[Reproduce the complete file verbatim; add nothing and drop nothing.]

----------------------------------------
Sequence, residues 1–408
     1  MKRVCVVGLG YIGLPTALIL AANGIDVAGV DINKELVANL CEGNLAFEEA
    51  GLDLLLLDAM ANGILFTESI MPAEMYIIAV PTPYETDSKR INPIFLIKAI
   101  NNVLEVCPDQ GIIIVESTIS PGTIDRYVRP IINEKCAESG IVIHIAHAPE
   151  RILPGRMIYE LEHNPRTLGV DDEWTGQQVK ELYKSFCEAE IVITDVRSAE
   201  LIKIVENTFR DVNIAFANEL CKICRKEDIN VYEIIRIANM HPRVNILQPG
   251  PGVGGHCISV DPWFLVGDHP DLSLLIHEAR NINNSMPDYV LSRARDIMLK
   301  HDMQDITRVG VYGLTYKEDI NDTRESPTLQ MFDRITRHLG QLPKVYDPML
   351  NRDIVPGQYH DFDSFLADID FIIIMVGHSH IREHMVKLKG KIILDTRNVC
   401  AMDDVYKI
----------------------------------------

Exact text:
Sequence, residues 1–408
     1  MKRVCVVGLG YIGLPTALIL AANGIDVAGV DINKELVANL CEGNLAFEEA
    51  GLDLLLLDAM ANGILFTESI MPAEMYIIAV PTPYETDSKR INPIFLIKAI
   101  NNVLEVCPDQ GIIIVESTIS PGTIDRYVRP IINEKCAESG IVIHIAHAPE
   151  RILPGRMIYE LEHNPRTLGV DDEWTGQQVK ELYKSFCEAE IVITDVRSAE
   201  LIKIVENTFR DVNIAFANEL CKICRKEDIN VYEIIRIANM HPRVNILQPG
   251  PGVGGHCISV DPWFLVGDHP DLSLLIHEAR NINNSMPDYV LSRARDIMLK
   301  HDMQDITRVG VYGLTYKEDI NDTRESPTLQ MFDRITRHLG QLPKVYDPML
   351  NRDIVPGQYH DFDSFLADID FIIIMVGHSH IREHMVKLKG KIILDTRNVC
   401  AMDDVYKI